"And [Jesus] said to Simon, 'Put out into the deep and let down your nets for a catch.' ...And when they had done this, they enclosed a large number of fish, and their nets were breaking. They signaled to their partners in the other boat to come and help them. And they came and filled both of the boats, so that they began to sink... And Jesus said to Simon, 'Do not be afraid; from now on you will be catching men.' And when they had brought their boats to land, they left everything and followed him."

I love this account because Simon, James, and John have just had great business success and they leave it immediately to follow Jesus. As fisherman, these fish are their livelihood. And here, they just got the biggest catch of their lives! And they leave it all! What happened to the fish? Did the crowd take it? The other fishermen? It doesn't matter. What matters is that they left worldly success behind because Jesus asked them to.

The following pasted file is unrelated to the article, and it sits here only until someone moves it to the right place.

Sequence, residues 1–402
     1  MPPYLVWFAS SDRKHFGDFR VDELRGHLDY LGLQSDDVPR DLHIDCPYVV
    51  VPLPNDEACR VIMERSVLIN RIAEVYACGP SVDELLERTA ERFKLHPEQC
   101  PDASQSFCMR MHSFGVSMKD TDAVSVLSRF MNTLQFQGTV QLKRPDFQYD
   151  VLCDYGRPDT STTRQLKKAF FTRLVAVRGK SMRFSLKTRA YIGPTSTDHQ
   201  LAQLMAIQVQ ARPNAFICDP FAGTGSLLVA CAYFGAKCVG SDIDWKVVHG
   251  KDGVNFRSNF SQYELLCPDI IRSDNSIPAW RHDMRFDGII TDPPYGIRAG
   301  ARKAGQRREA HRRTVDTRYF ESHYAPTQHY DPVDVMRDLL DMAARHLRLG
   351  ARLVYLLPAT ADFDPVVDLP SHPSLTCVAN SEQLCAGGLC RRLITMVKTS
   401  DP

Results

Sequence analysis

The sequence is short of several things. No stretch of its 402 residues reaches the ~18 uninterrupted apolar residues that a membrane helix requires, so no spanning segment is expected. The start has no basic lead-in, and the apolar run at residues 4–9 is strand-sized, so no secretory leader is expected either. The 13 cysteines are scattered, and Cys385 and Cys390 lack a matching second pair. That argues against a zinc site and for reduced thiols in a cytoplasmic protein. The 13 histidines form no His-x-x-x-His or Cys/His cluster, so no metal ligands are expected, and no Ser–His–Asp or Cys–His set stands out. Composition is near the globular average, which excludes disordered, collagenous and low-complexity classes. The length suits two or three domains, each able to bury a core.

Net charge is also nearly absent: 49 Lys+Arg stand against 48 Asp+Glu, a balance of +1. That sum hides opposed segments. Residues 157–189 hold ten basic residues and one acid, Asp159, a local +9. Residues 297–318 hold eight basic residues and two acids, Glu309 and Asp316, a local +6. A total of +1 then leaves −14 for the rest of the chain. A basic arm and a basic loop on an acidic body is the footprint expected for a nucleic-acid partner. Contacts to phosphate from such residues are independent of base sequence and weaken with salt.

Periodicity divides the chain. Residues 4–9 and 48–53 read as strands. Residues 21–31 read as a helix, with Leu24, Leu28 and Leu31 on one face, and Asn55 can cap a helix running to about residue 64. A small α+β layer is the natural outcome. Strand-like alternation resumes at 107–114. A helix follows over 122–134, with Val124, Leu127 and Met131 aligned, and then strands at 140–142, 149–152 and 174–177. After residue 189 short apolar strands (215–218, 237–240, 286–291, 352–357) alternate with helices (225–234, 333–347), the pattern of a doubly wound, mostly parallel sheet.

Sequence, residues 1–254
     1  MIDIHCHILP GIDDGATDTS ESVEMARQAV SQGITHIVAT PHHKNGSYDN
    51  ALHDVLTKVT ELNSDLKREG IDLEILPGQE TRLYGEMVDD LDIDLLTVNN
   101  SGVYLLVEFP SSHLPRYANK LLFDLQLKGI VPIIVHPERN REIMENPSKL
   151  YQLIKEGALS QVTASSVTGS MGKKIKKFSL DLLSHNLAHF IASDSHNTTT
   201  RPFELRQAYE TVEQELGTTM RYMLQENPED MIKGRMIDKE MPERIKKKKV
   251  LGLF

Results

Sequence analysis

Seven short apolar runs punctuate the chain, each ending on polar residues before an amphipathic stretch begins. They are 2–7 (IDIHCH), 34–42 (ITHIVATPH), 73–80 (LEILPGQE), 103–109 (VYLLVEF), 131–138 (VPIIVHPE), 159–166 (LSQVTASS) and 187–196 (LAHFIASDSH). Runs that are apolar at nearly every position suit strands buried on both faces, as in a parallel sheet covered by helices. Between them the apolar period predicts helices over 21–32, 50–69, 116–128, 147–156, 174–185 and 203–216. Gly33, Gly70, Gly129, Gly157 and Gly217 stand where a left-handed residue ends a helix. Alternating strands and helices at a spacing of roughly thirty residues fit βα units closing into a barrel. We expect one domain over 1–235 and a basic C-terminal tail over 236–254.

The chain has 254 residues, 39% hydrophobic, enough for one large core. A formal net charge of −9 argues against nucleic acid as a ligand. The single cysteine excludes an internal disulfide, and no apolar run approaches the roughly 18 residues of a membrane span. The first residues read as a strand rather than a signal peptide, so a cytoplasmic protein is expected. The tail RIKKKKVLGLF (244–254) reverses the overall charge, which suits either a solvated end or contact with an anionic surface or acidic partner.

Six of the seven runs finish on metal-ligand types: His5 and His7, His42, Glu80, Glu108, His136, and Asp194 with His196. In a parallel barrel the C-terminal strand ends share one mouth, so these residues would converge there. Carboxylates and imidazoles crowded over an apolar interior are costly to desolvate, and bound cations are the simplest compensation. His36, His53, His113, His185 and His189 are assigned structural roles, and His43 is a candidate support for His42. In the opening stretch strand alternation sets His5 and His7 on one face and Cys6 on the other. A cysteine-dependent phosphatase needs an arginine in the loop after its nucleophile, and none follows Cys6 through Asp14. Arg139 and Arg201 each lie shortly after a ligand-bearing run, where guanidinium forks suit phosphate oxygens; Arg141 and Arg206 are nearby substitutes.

Was it prudent? No. Does Jesus ask this of everyone? Not specifically, but we have to be willing to give up anything for the sake of the Gospel. So in our hearts, we better already have left all of our worldly savings and success for His sake.

The American Dream tells me to be independent and not ask anyone for help.
The Bible tells me to be dependent on the body of Christ in all circumstances.

Luke 9:3-4
"And [Jesus] said to them, 'Take nothing for your journey, no staff, nor bag, nor bread, nor money, and do not have two tunics. And whatever house you enter, stay there.'"